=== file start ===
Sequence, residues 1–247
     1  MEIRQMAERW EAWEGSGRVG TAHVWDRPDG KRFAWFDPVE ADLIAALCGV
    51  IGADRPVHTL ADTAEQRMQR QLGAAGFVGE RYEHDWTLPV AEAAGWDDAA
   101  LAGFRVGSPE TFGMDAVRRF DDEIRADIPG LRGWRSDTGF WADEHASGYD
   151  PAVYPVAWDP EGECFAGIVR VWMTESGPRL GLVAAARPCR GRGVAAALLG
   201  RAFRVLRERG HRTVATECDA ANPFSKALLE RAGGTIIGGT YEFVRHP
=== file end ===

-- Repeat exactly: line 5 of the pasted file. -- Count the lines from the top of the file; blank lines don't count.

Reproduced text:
   151  PAVYPVAWDP EGECFAGIVR VWMTESGPRL GLVAAARPCR GRGVAAALLG